Also, please reveal to us the extent that producer Dick Wagner plays in your soon-to-hit-big musical career ... as he wrote/co wrote/plays on all the songs on this 4-track EP we were sent! "We started this project as a collaboration and there is no better word to describe the harmony between us when we work together. The song writing process is enlightening because I'm working with a master. He has taught me a lot but also gave me confidence that I was doing pretty well before I met him! When we write a song, it's pretty much line for line, and we don't move on until we're both satisfied. He also wrote some of the songs on the album especially for me which is an honor. He is very intuitive which is one of the things that makes him such a good producer. I've also had the joy of performing with him onstage, the pinnacle being Alice Cooper's Christmas Pudding Show in front of 5000 people! It was so cool to have him there on stage with me, rocking away and looking at me like, yeah you got it, kid!"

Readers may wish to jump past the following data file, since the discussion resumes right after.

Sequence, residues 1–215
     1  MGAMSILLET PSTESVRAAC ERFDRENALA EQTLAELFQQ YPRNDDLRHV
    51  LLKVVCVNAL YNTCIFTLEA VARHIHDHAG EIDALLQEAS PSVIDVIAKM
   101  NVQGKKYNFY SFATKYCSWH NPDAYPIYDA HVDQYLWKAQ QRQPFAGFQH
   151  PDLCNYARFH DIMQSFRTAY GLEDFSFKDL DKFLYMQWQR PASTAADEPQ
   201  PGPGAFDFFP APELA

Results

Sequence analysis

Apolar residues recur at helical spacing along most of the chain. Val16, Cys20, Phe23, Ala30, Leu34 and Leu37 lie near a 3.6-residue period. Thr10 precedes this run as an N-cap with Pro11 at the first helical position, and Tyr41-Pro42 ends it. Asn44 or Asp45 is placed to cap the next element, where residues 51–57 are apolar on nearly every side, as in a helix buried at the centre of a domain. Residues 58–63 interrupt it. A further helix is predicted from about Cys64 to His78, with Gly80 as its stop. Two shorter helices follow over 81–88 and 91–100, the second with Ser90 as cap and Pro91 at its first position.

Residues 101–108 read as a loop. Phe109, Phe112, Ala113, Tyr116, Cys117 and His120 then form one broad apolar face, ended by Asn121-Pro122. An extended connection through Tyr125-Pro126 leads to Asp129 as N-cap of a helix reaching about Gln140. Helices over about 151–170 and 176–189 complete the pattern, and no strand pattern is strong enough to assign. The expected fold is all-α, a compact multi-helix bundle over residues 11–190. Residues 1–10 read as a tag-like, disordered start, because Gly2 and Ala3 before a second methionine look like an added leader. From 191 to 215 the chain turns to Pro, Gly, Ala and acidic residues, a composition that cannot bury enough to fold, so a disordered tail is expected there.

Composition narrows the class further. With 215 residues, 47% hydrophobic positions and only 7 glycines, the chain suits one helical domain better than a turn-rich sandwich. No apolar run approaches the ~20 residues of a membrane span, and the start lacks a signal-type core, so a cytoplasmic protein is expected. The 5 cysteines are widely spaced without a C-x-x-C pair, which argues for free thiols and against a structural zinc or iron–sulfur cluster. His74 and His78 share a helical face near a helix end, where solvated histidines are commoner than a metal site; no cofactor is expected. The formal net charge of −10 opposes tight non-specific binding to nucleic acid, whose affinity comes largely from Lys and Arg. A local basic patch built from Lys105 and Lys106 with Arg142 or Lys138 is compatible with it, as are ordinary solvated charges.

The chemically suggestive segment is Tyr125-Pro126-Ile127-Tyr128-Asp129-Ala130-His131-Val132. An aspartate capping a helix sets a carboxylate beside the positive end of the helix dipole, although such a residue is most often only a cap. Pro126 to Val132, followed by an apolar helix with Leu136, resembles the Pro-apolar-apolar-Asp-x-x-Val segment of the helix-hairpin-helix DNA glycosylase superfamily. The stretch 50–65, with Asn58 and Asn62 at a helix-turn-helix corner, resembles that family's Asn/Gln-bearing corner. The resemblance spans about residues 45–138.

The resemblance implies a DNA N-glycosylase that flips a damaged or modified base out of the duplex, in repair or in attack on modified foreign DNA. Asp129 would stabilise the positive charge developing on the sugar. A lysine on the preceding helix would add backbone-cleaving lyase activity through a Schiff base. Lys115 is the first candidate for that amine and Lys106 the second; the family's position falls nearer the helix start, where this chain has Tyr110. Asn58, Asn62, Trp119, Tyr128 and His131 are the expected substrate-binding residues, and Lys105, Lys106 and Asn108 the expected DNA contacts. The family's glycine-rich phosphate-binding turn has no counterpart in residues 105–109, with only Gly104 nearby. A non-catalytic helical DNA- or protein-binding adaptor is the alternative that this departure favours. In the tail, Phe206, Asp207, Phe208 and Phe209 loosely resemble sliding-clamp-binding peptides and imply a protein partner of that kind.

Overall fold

How easy (or hard) is it to create a new, vibrant, wanted-by-the-public sound that both builds on and surpasses the musical wonderment's/accomplishments that preceded it within the industry? "First of all, thank you! The style evolved naturally so it was pretty easy."